Unemployment Claims May Take Longer to Process During Holiday Season - NBC Connecticut

Unemployment Claims May Take Longer to Process During Holiday Season

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    NEWSLETTERS

    Unemployment Claims May Take Longer to Process

    The holiday season is the busiest time of year for unemployment claims, and that means it may take longer to process them.

    (Published Wednesday, Dec. 5, 2018)

    The holiday season is the busiest time of year for unemployment claims, according to the Connecticut Department of Labor.

    “So normally when we’re handling about 25, 2600 claims a week, it usually triples during this time of year. And a lot of that is attributed to seasonal employment. There are educational institutions, bus drivers that are shut down for the holiday,” said Gregg Kallajian, program and services coordinator with the Department of Labor.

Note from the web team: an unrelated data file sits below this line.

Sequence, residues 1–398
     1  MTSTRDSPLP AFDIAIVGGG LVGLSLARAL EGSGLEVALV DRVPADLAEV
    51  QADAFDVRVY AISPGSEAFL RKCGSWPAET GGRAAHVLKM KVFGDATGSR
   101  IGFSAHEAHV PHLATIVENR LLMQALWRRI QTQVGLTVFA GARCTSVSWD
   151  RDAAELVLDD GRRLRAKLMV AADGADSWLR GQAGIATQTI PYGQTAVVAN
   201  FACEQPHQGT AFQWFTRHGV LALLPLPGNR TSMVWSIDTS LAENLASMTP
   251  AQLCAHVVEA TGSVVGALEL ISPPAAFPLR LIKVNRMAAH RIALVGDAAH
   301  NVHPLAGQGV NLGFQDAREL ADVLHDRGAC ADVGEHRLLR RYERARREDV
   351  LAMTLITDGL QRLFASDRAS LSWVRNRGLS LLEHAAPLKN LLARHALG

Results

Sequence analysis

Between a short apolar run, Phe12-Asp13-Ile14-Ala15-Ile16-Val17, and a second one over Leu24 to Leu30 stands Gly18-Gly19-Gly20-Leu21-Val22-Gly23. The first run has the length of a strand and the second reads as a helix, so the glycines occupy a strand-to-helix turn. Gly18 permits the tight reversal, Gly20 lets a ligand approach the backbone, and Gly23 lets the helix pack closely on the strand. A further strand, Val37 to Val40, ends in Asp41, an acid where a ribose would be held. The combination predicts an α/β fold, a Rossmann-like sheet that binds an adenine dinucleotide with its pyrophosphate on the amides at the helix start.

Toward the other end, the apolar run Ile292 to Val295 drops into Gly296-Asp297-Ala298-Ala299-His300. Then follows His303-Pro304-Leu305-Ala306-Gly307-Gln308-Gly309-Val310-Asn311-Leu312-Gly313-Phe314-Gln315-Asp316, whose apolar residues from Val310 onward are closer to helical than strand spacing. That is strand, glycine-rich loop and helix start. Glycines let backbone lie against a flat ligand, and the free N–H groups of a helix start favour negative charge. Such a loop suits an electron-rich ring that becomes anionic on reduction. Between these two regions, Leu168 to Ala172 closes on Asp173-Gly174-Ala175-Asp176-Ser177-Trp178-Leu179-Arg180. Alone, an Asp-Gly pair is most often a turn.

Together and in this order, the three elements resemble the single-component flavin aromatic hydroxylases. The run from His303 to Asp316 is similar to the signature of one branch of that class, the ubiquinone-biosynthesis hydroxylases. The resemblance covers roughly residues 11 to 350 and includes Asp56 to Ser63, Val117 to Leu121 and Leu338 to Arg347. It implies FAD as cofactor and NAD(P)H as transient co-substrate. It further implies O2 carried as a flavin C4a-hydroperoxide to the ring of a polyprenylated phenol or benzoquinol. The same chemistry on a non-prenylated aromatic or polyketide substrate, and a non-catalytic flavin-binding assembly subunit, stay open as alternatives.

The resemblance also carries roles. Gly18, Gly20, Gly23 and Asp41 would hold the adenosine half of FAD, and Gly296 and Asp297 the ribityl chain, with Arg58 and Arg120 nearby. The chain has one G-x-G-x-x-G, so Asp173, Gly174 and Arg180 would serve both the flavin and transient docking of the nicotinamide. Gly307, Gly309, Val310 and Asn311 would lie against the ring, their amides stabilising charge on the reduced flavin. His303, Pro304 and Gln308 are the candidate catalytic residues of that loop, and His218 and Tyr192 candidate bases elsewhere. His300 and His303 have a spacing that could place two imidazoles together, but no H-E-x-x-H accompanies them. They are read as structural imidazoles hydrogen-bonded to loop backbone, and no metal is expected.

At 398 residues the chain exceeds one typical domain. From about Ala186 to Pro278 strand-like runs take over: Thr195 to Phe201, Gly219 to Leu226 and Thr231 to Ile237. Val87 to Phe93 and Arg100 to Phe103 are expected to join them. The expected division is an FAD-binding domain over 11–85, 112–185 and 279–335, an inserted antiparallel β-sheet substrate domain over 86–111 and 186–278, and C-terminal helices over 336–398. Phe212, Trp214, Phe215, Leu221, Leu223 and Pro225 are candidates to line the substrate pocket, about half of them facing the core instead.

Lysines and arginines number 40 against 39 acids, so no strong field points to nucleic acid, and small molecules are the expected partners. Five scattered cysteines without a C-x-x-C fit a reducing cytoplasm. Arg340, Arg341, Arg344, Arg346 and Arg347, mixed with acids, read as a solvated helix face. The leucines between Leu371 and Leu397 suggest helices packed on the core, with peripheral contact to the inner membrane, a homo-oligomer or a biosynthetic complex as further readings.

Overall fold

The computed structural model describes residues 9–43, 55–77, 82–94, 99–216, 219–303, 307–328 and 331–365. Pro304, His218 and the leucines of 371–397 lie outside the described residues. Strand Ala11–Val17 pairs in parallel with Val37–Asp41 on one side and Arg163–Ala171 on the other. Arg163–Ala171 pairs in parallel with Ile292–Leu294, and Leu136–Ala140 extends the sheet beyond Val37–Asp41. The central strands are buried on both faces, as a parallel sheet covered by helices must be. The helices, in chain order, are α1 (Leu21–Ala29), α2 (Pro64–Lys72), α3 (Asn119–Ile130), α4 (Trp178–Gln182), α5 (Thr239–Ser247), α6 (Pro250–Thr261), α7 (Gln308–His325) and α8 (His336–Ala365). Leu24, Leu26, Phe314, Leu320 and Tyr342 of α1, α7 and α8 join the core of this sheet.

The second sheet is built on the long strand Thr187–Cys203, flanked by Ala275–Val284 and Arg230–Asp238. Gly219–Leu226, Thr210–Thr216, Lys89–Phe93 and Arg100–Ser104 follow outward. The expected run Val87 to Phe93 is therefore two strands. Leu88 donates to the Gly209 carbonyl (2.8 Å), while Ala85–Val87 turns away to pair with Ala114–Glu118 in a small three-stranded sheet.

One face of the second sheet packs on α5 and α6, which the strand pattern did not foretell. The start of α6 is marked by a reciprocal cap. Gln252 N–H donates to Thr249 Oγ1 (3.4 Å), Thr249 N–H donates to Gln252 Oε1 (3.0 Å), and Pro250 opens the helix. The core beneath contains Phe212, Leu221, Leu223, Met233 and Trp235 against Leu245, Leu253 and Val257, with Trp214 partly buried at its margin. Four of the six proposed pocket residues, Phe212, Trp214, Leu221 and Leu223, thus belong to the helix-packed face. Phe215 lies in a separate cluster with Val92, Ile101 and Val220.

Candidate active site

The department has extra staff on hand, but Kallajian said a claim that would usually take two days to process could take upwards of five days to process during this time of year.

    All new claims must be filed through the Department of Labor’s online system. You will need the Connecticut Employer Registration Number from the employer you are leaving, as well as an active email address and a savings or checking account to set up direct deposit or a debit card. The Department of Labor no longer issues paper checks.

    If you don’t have a computer or need help with your claim, you can visit one of the state’s five American Job Centers.

    The job centers also offer help for job seekers including free workshops and job fairs.

    Kallajian said existing weekly claims will continue to be processed normally.

    The Department of Labor is also reminding filers they must actively seek work as a condition of receiving unemployment insurance.

    “In the state of Connecticut, we look at three efforts per week. And we recommend that they log those efforts on a log sheet that we have through our website,” Kallajian said.

    “What we ask them to do is write down what their efforts are, the name of the employer, when they looked for work, who they contacted.”

    Kallajian said the department randomly chooses 18 cases per week for audit.

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